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Why the U.S. Crushed a Ton of Ivory

The elephant in the room—actually, Times Square: a ton of poached ivory that was mashed in some sort of souped-up wood chipper.

June 24, 2015 — Sabrina Imbler, Benjamin Meyers and Eliene Augenbraun

Designer Probiotics for Cancer

New research on mice demonstrates a way to use designer bacteria as a non-invasive test for cancer.

October 2, 2015 — Cynthia Graber and Eliene Augenbraun

Richard Garriott's Cabinet of the Universe, Part 2: Earth Forms

In this episode of Richard Garriott's miniseries, he shows us how Earth formed, how remnants of that formation still wander the solar system and how our planet came to be covered by oceans.Next week: Life on Earth Begins...

January 5, 2016 — Eliene Augenbraun and Lee Billings

Size Matters--for Heart Monitors

The same technological advances that shrank telephones miniaturized heart monitors, with far-reaching implications for heart health.

February 12, 2016 — Eliene Augenbraun and David Sherman MD

Mercury's Rare Road Trip

Thirteen times a century, on average, Mercury passes directly between Earth and the sun, creating what astronomers call a transit. It just happened again; this video, created with images from the orbiting Solar Dynamics Observatory shows the tiny planet’s silhouette as it makes its seven-hour journey across the solar disk...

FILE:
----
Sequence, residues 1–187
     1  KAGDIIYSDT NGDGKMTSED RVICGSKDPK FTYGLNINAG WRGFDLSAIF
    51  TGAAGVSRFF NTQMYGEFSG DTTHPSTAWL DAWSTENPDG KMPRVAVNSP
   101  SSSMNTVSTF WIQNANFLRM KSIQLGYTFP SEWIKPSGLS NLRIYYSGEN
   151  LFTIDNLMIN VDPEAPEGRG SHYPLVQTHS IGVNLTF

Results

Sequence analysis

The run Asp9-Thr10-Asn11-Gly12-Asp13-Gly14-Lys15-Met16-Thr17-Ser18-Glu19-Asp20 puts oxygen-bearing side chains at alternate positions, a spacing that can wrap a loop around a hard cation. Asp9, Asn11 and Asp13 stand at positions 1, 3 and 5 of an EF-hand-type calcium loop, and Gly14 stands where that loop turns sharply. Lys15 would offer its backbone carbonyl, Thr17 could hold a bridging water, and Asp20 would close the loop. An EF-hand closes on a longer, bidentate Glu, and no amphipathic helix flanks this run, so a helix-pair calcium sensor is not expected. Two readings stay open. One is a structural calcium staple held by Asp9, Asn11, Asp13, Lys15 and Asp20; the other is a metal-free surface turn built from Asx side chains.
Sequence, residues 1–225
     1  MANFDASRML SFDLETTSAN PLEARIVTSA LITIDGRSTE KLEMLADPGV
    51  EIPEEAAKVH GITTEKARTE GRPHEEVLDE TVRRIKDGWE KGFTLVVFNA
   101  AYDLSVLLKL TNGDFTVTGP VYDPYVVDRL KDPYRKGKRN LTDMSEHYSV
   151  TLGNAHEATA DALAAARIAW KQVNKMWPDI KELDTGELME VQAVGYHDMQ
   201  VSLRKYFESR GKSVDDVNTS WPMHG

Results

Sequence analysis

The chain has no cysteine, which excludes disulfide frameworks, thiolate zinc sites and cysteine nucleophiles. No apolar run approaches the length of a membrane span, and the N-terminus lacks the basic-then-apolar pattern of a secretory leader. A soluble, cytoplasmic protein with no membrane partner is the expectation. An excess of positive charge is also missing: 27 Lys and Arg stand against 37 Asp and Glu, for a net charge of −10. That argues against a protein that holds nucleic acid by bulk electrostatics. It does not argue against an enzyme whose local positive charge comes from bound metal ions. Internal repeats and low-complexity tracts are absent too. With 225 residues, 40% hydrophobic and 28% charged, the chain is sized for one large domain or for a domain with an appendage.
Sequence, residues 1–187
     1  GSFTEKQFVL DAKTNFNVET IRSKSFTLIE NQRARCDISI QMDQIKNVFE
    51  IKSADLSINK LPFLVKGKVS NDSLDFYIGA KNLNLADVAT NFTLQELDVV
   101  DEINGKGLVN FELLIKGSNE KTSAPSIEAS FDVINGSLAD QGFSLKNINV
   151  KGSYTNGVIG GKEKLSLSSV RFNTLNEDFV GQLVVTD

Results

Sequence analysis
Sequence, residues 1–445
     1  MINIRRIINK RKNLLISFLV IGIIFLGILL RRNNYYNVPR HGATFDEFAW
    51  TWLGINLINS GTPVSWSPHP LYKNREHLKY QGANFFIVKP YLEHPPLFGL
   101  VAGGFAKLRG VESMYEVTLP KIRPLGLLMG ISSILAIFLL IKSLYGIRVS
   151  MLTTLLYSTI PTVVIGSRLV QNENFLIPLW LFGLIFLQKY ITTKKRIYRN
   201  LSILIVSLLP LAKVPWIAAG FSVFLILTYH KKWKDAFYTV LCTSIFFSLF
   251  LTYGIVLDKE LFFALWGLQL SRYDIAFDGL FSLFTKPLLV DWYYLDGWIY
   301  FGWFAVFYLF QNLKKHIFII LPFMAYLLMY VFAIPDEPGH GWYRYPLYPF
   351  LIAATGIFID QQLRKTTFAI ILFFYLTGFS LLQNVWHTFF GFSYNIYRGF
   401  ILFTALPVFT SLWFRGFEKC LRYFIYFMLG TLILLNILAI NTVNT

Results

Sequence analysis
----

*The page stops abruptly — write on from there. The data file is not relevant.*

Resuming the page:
May 10, 2016 — Lydia Chain

Genes Orchestrate Musical Ability

It might take practice to get to Carnegie Hall but scientists found that it takes a set of dozens of genes in the brain working together to make that practice pay off. 

June 2, 2015 — Eliene Augenbraun, Karen Hopkin and Benjamin Meyers

Is Lying Rational?

A new film presents the science behind when and why people lie.

June 5, 2015 — Eliene Augenbraun, Daisy Yuhas and Benjamin Meyers

Carbon Dioxide Data Earns a Place in History

The Keeling Curve, which records atmospheric carbon dioxide changes since 1958, was just awarded National Historic Chemical Landmark status.— Jen Christiansen, Eliene Augenbraun, Benjamin Meyers...

June 12, 2015 — Eliene Augenbraun, Jen Christiansen and Benjamin Meyers

Bouncing Bots

The robots may navigate better because 3-D printing allows for a quick combination of multiple materials.

July 9, 2015 — Maria Temming, Benjamin Meyers and Eliene Augenbraun

Why We Live in a Cloud of Microbes

Pets and people shed clouds of microbes as unique and personal as their fingerprints, but the clouds can change over time.

November 30, 2015 — Jack Penland and Christopher Intagliata
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Scientific American Health & Medicine

Scientific American Health & Medicine